Author: David Patneaude
How Received: publisher
2097 is a transformed world. Thirty years earlier, a mysterious plague wiped out 97 percent of the male population, devastating every world system from governments to sports teams, and causing both universal and unimaginable grief. In the face of such massive despair, women were forced to take over control of the planet—and in doing so they eliminated all of Earth's most pressing issues. Poverty, crime, warfare, hunger . . . all gone.
But there's a price to pay for this new "utopia," which fourteen-year-old Kellen is all too familiar with. Every day, he deals with life as part of a tiny minority that is purposefully kept subservient and small in numbers. His career choices and relationship options are severely limited and controlled. He also lives under the threat of scattered recurrences of the plague, which seem to pop up wherever small pockets of men begin to regroup and grow in numbers.
And then one day, his mother's boss, an iconic political figure, shows up at his home. Kellen overhears something he shouldn't—another outbreak seems to be headed for Afterlight, the rural community where his father and a small group of men live separately from the female-dominated society. Along with a few other suspicious events, like the mysterious disappearances of Kellen's progressive teacher and his Aunt Paige, Kellen is starting to wonder whether the plague recurrences are even accidental. No matter what the truth is, Kellen cares only about one thing—he has to save his father.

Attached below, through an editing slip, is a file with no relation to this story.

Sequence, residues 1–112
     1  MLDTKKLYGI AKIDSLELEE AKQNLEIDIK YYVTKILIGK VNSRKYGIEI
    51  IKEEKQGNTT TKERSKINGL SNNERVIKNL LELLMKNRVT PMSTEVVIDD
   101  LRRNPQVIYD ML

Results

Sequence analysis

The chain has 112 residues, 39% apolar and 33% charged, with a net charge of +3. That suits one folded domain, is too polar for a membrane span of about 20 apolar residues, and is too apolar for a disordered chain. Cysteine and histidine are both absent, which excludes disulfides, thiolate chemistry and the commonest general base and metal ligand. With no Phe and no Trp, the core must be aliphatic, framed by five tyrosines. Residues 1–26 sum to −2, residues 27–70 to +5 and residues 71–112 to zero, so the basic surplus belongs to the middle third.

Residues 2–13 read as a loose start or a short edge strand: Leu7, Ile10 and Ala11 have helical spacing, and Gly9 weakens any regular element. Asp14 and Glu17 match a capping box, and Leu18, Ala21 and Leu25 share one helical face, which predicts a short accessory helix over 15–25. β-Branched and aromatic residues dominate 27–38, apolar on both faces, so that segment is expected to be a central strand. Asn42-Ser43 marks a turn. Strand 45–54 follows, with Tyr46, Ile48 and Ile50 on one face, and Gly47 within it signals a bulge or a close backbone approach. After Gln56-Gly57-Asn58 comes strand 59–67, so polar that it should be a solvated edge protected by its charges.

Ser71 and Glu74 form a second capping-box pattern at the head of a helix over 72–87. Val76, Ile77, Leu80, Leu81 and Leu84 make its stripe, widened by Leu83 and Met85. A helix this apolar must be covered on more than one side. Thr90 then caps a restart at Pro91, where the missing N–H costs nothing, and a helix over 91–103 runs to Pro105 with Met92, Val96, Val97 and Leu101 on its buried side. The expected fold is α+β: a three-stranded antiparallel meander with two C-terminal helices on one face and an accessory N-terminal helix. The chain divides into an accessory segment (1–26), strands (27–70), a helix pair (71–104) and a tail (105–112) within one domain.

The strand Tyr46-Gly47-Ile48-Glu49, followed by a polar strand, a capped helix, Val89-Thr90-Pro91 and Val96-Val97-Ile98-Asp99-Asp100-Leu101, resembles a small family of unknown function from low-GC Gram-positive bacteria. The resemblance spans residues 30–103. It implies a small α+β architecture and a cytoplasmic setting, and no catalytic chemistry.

I love dystopian novels, and I had high hopes for Epitaph Road. The concept sounded fantastic - a world ruled by women? A secret the kids have to figure out? - and both covers were gorgeous. (Though I preferred the ARC.) Besides, Egmont hadn't handed me a bad book yet.
And it's not that Epitaph Road was bad. I enjoyed reading it and seeing the concept unfold, and what had happened to the world. But I felt the plot line was awfully predictable. I called practically everything that would happen, and the things I didn't I had a suspicion of.
I liked reading about Kellen and Tia and Sunday, but I never really connected to them. It was like listening to one of your friends tell you a story about one of their friends - you're listening, and you're interested, but you weren't really concerned with the actual person they were talking about.
However, I thought the concept was excellent, and I wish we could have seen more of the world that was created. (And more of Mack the Knife!)
... but it was still in good condition, probably because most people checked out the electronic versions of books. I preferred the real thing. I liked the way I could fold over the oversized cover flap on this one to mark a place. I liked the way I could fan through the pages and create a small breeze that smelled of paper and ink and old brick building with tall streaked windows and polished dark wood floors and warm oval rugs.
Overall Rating & Final Comments: 7/10. I loved the concept, but I never really clicked with the book.
Cover Comments: It's pretty, but the ARC cover I have I like better.